published on 12 June 2018 in energy
Silicon and perovskite, a new record for photovoltaic technology
In Neuchâtel, in Switzerland, a new record has been achieved by a combination of conventional photovoltaic technology with the latest generation of solar cells. Researchers at the École Polytechnique Fédérale in Lausanne (EPFL) and the Centre Suisse d’Electronique et de Microtechnique (CSEM) have created silicon-perovskite solar cells with a conversion efficiency of 25.2%. Yet efficiency is not the only advantage of these cells: in fact, the researchers have perfected an economical and simple production process, that can be directly integrated into existing production lines, simply by updating those making silicon solar cells.
In the field of photovoltaic technology, silicon-based solar cells make up 90% of the market since, in terms of cost, stability and efficiency (which may be as much as 20-22%), they are much more mature and consolidated than new technologies. However, after decades of research and investment, silicon-based solar cells are now close to their maximum theoretical efficiency, that is, it will not be possible to achieve higher efficiency while using only this type of semiconductor. One way of overcoming this limit is to create multi-junction cells, in which the use of differing semiconductor materials maximises absorption and conversion of light rays into electricity.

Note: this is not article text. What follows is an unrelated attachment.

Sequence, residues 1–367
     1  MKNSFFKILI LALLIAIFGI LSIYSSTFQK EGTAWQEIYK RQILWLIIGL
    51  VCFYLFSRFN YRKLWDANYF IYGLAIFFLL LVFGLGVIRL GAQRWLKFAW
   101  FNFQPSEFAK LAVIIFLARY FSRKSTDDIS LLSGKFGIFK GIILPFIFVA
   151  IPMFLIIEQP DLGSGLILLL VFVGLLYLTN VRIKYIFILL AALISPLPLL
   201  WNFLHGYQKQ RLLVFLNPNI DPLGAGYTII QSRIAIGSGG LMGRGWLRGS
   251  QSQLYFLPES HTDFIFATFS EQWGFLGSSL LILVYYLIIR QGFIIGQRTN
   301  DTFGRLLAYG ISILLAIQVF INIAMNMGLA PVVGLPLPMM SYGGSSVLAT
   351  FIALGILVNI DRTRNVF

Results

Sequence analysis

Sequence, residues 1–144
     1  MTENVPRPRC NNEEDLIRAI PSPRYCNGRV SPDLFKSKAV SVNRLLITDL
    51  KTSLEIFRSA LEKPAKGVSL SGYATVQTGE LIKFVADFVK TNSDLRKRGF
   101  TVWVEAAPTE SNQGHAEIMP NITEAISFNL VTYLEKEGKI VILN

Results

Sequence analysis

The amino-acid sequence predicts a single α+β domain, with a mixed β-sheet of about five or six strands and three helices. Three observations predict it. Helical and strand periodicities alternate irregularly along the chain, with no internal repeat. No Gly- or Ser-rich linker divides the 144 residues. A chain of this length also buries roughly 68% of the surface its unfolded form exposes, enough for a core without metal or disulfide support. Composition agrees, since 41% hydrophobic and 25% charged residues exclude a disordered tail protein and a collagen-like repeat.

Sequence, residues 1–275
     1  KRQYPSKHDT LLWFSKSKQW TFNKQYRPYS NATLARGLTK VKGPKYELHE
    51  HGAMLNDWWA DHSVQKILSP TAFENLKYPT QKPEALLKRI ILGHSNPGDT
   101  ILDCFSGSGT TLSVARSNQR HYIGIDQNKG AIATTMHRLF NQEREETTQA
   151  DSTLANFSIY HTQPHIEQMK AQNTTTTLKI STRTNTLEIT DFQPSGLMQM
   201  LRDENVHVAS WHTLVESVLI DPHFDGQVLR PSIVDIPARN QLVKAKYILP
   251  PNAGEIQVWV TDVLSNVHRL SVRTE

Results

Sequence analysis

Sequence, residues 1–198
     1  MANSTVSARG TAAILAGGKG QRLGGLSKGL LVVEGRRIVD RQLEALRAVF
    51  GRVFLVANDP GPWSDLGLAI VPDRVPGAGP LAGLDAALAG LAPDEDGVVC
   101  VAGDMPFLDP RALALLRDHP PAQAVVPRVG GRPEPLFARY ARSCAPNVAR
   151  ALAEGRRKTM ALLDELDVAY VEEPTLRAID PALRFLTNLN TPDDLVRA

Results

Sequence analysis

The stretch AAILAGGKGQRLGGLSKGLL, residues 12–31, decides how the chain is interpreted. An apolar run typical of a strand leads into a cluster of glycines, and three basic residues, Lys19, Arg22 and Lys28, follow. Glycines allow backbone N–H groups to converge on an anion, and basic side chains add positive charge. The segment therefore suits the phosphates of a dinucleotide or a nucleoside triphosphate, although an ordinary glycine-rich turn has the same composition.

In the tandem solution perfected by the team of Swiss researchers, the combination of perovskite and silicon makes it possible to maximise the use of the solar spectrum and increase the quantity of energy generated, since perovskite efficiently converts blue and green light, while silicon is better at converting red and infra-red light.
At present, the research is continuing to further increase efficiency and give perovskite film greater long-term stability.